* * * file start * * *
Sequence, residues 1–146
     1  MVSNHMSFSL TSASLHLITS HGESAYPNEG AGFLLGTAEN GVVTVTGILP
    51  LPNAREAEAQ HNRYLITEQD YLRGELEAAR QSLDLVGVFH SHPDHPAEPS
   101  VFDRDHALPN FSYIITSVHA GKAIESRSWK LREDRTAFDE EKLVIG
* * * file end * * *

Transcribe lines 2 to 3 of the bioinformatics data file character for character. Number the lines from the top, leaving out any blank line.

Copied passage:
     1  MVSNHMSFSL TSASLHLITS HGESAYPNEG AGFLLGTAEN GVVTVTGILP
    51  LPNAREAEAQ HNRYLITEQD YLRGELEAAR QSLDLVGVFH SHPDHPAEPS